Barclays Libor Acquittals Fallout
The recent acquittal of our client Stylianos Contogoulas and his co-defendant Ryan Reich on a charge of conspiracy to defraud by manipulation of Libor whilst working for Barclays in 2005-2007, calls into question once again the efficacy of the decision made by the SFO to prosecute a number of individuals for behaviour, which at the relevant time had not attracted any censure or disciplinary action. During the trial it became clear from evidence given by three managers employed by Barclays that the bank did not provide any training to any of its employees as to the correct basis for making Libor submissions. No trader had ever been disciplined for seeking a submission that sought to benefit a derivative trading position. This was despite the fact that all employees were encouraged to believe that all of their internal communications were being monitored on a daily basis. Why, it might thus be posited, were none of the many emails relied on by the Crown in the trial picked up? The answer appears to be that in fact the level of monitoring did not extend to looking for such communications. When pressed, witnesses conceded that this type of behaviour was simply not on their radar. Further evidence from employees of the BBA (including the manager of Libor John Ewan) established that manipulation for the commercial benefit of the banks was a practice which had been flagged up to the BBA during the indictment period. It might therefore be concluded that such behaviour was simply not considered to be wrong or, if it was wrong, was not deemed to be worthy of any kind of regulation.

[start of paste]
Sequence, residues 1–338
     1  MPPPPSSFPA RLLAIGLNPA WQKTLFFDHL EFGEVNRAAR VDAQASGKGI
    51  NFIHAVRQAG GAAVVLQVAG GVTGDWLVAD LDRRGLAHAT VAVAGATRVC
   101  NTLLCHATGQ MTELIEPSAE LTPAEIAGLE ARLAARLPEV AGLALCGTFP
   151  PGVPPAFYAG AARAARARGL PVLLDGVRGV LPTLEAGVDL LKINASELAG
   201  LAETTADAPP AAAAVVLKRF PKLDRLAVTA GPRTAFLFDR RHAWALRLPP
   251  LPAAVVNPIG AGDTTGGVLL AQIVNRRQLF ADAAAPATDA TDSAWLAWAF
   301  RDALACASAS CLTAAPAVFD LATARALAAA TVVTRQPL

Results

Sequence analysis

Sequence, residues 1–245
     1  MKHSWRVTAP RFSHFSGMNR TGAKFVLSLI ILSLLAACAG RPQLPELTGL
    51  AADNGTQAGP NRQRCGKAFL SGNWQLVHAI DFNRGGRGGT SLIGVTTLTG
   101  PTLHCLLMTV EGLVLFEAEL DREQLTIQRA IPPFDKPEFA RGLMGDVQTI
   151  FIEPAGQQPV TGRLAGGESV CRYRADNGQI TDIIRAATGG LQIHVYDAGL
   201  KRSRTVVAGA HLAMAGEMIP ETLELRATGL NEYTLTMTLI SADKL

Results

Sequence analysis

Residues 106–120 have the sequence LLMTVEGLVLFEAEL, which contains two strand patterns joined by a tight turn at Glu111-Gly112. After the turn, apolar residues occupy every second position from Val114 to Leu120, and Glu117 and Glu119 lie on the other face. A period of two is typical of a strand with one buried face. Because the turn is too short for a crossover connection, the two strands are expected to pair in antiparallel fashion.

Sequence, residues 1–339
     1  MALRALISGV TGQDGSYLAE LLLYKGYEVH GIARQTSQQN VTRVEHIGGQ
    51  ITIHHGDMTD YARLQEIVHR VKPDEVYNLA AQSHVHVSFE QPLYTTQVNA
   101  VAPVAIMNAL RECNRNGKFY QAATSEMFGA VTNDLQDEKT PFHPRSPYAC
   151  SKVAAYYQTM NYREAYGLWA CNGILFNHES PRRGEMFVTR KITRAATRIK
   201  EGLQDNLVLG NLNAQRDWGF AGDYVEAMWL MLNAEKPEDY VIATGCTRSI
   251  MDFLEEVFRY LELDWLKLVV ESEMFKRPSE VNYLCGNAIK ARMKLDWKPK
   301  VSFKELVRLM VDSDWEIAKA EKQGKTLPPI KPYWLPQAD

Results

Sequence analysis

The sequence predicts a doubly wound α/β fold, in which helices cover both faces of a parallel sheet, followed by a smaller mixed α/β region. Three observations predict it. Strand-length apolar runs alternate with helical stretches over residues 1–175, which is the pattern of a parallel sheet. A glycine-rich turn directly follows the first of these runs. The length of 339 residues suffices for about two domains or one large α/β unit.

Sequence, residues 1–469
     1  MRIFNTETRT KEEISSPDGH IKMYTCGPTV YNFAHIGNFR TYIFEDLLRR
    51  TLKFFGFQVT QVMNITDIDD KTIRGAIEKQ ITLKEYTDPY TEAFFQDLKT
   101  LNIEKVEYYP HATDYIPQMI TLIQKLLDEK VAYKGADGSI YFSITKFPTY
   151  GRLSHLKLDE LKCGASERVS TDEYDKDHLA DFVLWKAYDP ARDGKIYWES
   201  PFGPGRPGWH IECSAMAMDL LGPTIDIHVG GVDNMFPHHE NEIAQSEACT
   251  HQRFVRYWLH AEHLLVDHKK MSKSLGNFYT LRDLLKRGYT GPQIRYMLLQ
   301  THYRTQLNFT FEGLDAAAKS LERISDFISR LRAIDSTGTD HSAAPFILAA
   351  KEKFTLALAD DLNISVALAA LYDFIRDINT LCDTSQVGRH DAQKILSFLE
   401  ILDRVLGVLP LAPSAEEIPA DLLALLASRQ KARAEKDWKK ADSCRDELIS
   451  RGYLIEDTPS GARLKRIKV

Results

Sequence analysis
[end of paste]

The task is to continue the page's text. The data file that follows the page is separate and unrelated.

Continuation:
The Court of Appeal first opined on this subject during an interlocutory appeal in R v Hayes in 2014 in which they ruled in clear terms that seeking to manipulate Libor for commercial advantage was not a genuine answer to the Libor question. Thus, if a trader sought a submission for such a purpose and did so dishonestly, they were guilty of a criminal act. This was not, the Court of Appeal found, an example of ex post facto law but merely the application of the existing law of conspiracy to defraud to a specific factual scenario. On the face of it this could be construed as criminalising behaviour which had hitherto been considered by those concerned at least to be accepted practice within the industry.
There are inherent dangers in prosecuting individuals retrospectively for behaviour which appears to have been accepted practice at the relevant time. Especially when dealing with persons who are operating at a junior level and following instruction from their more experienced peers. The speed with which the jury returned their verdicts in the most recent trial is a clear indication that convincing a jury that such behaviour as “dishonest” is problematic.
The more appropriate response to the discovery of Libor manipulation was the route taken by the Financial Conduct Authority (then the Financial Services Authority (FSA)). Once a systemic form of abuse had been established, the imposition of stiff financial penalties and the implementation of amended internal controls, training and procedures was clearly necessary. Whether it was appropriate to then seek to prosecute a small minority of more junior employees for the same behaviour is to say the least debatable, especially where their individual culpability (if any) has to be understood within the context of the over-arching failings of their employers as set out at length in the FSA Final Notices.
The recent disclosure by Panorama of evidence suggesting that the Bank of England was encouraging another form of Libor manipulation known as “low-balling” following the financial crash in 2008 merely adds weight to those questioning the integrity of the whole Libor setting process and the complicity of senior bank officials and regulators in a “cover up” of what was a tacitly endorsed market practice. It must surely raise further questions as to the public interest in prosecuting traders and submitters who would maintain that they were simply doing their job.